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Co-Occurring Disorders and Addiction
Also known as dual diagnosis or co-morbid disorders, co-occurring disorders are underlying mental health issues that appear alongside substance use disorders (SUDs). Addiction and mental health have a very close relationship. Mental health disorders make it more likely that an individual will develop a substance use disorder, especially if these disorders are left untreated. On the flip side, substance abuse, especially at the level addiction level, greatly worsens the severity and frequency of most mental health issues.
Because addiction and many mental health conditions have similar symptoms, proper diagnosis of either condition is often very difficult. Due to the difficulty in diagnosis, one disorder might be treated while the other is left undiagnosed, leaving the patient vulnerable to relapse of addiction or mental health issues. Therefore, each diagnosis must be made and treated simultaneously.
Co-occurring disorders are tragically common. Approximately 7.9 million adults in the United States had co-occurring disorders in 2014.
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Common Co-Occurring Disorders
Many underlying mental health issues lead to the abuse of drugs and alcohol. People use these substances to cope with or mask a wide variety of emotions and feelings, including pain, anxiety, guilt, and shame.
Examples of common co-occurring disorders include:
Depression is one of the most common mental disorders across the globe, affecting millions of people worldwide. Many abuse substances to numb or forget their emotional pain or to feel joy or pleasure, even if artificially. However, alcohol and many other drugs cause somber and bleak feelings, also known as substance-induced depression, after the initial euphoria wears off. This in turn triggers more substance abuse, as the user wishes to both experience the euphoria and avoid the negative feelings. A vicious cycle of depression intensifying addiction and vice versa then ensues.
Anxiety comes in many forms and is one of the most common of all mental health disorders. Many sufferers turn to substance abuse to find relief or get through their daily lives. For example, alcohol abuse can suppress feelings of anxiety in social settings, and prescription drugs can relieve the shaky feelings anxiety brings. As sufferers use substances to cope, they begin to rely heavily on their effects, putting them at risk for addiction and making their anxiety far worse.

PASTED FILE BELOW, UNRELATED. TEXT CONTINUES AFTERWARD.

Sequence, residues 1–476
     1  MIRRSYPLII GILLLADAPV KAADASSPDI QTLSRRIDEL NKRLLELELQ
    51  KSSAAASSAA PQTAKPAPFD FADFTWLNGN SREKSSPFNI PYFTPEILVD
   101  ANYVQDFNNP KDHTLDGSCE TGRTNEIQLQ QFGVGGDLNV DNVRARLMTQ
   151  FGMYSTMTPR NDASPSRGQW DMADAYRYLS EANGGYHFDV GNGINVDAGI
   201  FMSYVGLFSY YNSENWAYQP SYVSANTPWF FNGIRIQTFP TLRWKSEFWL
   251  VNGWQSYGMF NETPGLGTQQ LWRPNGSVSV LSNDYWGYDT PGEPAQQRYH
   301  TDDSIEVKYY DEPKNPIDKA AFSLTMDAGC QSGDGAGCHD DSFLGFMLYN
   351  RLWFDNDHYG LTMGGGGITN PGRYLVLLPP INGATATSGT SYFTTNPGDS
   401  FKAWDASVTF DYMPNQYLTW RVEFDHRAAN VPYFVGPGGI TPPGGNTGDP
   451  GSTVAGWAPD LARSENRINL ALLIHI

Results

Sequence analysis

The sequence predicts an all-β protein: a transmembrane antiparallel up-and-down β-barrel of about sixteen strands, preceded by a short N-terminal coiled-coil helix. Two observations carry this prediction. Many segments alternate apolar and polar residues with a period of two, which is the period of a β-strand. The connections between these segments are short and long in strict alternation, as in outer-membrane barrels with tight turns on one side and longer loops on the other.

The abuse of substances can make one feel hopeless, unworthy, and suicidal. Depressing suicidal thoughts from drug abuse can trigger the user to take other drugs such as stimulants to bring back good feelings. Unfortunately, once the drug wears off, their thoughts are far worse than before, leading to a cycle of abusing more drugs and developing more frequent and intense suicidal thoughts.
Bipolar disorder is caused by a chemical imbalance in the brain, resulting in intense and uncontrollable episodes of both depression and mania. People with bipolar disorder often abuse drugs to reduce the severity of these episodes, ultimately causing increasingly irregular and severe levels of activity within the brain. Few mental health conditions are as associated with dual diagnosis as bipolar disorder. Some studies have found that the majority of bipolar sufferers will develop a substance use disorder at some point in their lives.
Post-Traumatic Stress Disorder
Post-traumatic stress disorder (PTSD) is a stress and anxiety condition that can develop due to intensely stressful and possibly life-threatening experiences, such as natural disasters, violent crimes, vehicle accidents, or long-term bullying. PTSD can further develop as a result of emotional, mental, physical or sexual abuse. Many veterans return from war with PTSD due to traumatic combat experiences. PTSD is manifested by a variety of symptoms, such as flashbacks, intrusive memories, night terrors, and hypervigilance. Drugs and alcohol can temporarily relieve the symptoms of PSTD. However, drug abuse can make PTSD last longer, cause more intense negative feelings, and disrupt sleep patterns. Because the symptoms of PTSD can be debilitating, victims may continue to abuse alcohol or other drugs as a way to avoid or cope regardless of long-term consequences.
Borderline Personality Disorder